terrorists with terrorism: Team
America pauses among the smoking
ruins of Paris.
Directed by Trey Parker
Written and produced by Pam Brady, Trey Parker and
Featuring the voices of Trey Parker, Matt Stone,
Kristen Miller, Masasa, Daran Norris and Phil Hendrie
The Trey Parker and Matt Stone philosophy of comedy
is that nothing is too offensive to be funny, but
everything is funny if it’s offensive enough.
The “South Park” creators have always
been equal-opportunity offenders, picking fights
with both sides. But with their new all-marionette
action satire “Team America: World Police,” the
balls-out offensive comedic style earns more laughs
than the unfocused and bizarre stab at politics.
As a social satire, the film is so broad in its
targets and so sloppy in its aim that it fails to
say anything convincing. As a genre satire, the duo
is much more capable of skewering the Jerry Bruckheimer
and Michael Bay brand of epic action soap opera trash.
The cast indeed consists of nothing but puppets,
as inspired by the strange 1960s British sci-fi adventure
TV series “Thunderbirds,” which had its
own live-action cinematic adaptation flop this
summer. The technique provides some realistic faces,
but no real expression from the characters. It is
indeed funny and serves as a clever commentary
on the importance of actors over explosions in modern
action film, and perhaps is saying that everyone
is a puppet if you want to get more existential.
But it also grows tiresome when you have to spend
more than 90 minutes with emotionless figures.
Team America is a special task force that tracks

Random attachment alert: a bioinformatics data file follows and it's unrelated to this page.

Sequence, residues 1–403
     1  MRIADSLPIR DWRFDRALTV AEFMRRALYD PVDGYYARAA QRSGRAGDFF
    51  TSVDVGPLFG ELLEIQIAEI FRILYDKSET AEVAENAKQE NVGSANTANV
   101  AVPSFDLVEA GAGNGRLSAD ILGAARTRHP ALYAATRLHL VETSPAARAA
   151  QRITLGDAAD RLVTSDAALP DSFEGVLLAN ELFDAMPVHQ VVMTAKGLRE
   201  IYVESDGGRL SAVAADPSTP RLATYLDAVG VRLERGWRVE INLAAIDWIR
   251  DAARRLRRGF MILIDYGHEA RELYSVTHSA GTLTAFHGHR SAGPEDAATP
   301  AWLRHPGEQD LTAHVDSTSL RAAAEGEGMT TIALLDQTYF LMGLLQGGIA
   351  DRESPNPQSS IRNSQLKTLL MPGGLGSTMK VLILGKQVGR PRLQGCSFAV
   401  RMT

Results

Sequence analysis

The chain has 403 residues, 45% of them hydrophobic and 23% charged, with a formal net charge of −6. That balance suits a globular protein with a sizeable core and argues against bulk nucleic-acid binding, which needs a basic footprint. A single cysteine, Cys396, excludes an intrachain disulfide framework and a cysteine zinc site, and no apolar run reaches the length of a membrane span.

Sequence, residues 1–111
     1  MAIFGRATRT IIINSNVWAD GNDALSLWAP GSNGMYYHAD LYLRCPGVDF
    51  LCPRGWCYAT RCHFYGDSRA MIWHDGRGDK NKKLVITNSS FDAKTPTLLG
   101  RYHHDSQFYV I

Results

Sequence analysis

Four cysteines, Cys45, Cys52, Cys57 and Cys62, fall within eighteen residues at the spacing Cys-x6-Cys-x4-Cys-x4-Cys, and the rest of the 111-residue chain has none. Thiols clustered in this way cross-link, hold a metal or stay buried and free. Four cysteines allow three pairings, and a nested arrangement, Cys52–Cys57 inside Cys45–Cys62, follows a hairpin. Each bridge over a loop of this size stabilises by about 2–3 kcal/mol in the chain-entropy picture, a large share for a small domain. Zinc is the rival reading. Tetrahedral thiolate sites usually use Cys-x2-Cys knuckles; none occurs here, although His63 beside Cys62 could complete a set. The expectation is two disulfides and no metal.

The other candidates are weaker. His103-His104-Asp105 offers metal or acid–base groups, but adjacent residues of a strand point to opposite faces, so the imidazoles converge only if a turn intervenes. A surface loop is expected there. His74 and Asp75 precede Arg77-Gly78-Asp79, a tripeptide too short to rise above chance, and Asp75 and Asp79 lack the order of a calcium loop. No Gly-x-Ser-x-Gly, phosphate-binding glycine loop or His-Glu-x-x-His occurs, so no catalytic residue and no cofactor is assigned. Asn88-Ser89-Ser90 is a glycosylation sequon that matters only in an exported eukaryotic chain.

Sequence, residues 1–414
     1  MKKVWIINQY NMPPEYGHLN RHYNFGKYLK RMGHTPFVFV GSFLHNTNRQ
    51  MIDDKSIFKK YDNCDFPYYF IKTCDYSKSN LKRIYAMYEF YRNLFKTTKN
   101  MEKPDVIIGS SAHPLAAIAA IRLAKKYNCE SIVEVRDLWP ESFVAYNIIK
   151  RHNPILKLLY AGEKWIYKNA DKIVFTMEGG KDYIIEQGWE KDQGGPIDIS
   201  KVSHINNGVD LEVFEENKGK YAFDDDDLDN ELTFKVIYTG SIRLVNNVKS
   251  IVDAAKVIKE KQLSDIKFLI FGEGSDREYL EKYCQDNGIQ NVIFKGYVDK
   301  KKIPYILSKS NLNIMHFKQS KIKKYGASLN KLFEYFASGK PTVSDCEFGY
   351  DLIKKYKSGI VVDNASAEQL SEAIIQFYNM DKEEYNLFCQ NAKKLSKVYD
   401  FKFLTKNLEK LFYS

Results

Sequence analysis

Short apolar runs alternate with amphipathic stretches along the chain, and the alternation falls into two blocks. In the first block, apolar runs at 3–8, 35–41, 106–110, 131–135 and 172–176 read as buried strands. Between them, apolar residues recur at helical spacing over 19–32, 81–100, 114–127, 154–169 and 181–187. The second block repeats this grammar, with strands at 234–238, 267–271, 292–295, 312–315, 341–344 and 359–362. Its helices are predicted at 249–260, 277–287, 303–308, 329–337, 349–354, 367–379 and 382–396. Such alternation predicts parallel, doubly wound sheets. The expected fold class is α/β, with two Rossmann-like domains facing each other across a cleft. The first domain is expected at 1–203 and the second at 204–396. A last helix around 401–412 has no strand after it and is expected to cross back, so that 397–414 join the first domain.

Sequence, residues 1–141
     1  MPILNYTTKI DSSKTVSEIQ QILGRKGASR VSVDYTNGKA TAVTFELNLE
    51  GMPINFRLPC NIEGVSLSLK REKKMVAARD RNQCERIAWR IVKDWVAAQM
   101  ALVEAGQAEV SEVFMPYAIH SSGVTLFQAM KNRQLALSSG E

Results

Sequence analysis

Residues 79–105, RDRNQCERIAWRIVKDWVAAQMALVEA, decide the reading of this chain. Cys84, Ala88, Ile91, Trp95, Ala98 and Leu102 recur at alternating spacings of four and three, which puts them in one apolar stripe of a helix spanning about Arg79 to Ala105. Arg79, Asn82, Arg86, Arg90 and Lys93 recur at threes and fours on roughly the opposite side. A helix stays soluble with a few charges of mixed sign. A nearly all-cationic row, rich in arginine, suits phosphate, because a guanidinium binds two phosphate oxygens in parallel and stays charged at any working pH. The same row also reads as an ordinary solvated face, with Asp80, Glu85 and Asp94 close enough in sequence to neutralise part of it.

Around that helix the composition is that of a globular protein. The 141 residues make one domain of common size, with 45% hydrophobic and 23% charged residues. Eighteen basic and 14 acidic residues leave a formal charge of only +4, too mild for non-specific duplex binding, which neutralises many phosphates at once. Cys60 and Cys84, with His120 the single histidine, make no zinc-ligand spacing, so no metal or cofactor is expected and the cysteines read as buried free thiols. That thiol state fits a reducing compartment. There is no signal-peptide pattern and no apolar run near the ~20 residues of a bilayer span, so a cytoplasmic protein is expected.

down and kills terrorists before they can attack
by blowing up pretty much everything that the terrorists
want to destroy. True to the special-effects extravaganza
tradition, all the landmarks in a given city that
Team America enters are quickly destroyed by means
of loud explosions.
To demonstrate their versatility, director Parker
also puts his figures in a hot sex scene, which was
edited prior to release to avoid an ‘NC-17’ rating.
I can’t imagine what they cut out. The puppets
aren’t anatomically correct, but they do have
quite an imagination and a variety of positions.
Funnier than any puppet sex or model landmark explosions,
however, is the assortment of ridiculous songs by
Parker, with lyrics like “’Pearl Harbor’ sucks,
and I miss you” and a description of the conventions
of a montage played over a montage. Parker has a
way of capturing styles while overriding them with
preposterous lyrics, a method he uses in one song
to movingly explain that the price
of freedom is “a
buck O five.”
But for every great song are several failed jokes.
Actors including Alec Baldwin, Sean Penn, Tim Robbins,
Janeane Garofalo and Danny Glover are all mocked
for speaking their mind, but the comedy shrinks flatter
and flatter as the mocking grows more and more desperate.
They are identified as members of the “Film
Actors Guild,” whose acronym is FAG, get it?
Perhaps worried that it will go over the audience’s
head, the film hammers the joke in constantly, as
it becomes less and less funny and more and more
hateful. These actors are as free to speak their
opinions as “Team America’s” filmmakers,
and do so with a great deal more passion and precision
than the film. Surely there are points to be made
against the activism, but Parker and Stone simply
bash them with little explanation.
The attack on these celebrities doesn’t quite
sit right to those informed on current world affairs.
In fact, many have criticized the Bush administration
for concentrating on Iraq and Saddam Hussein instead
of Kim Jong-Il, who couldn’t be taken down
Team America style because he’s a nuclear threat.
While the film is all fictionalized, it’s hard
to pretend even in this context that the gung-ho
war hawks are going to be any better at stopping
him from destroying the world. A hawkish speech with
sexual analogies is funny, but lacks substance, and
the idea seems to be that there’s no real point
in being involved in politics, an inexcusable stance
in these tumultuous times.
“Team America” creates moments of undeniable
hilarity, but balances them with forced and failed
jokes, making it as difficult to defend at parts
as it is hard not to laughs at others. The success
of the genre parodies remind us that Parker and Stone
are much sharper when they concentrate their energy
wholeheartedly, but also emphasize the failure of
the rest of the movie, making it difficult to recommend.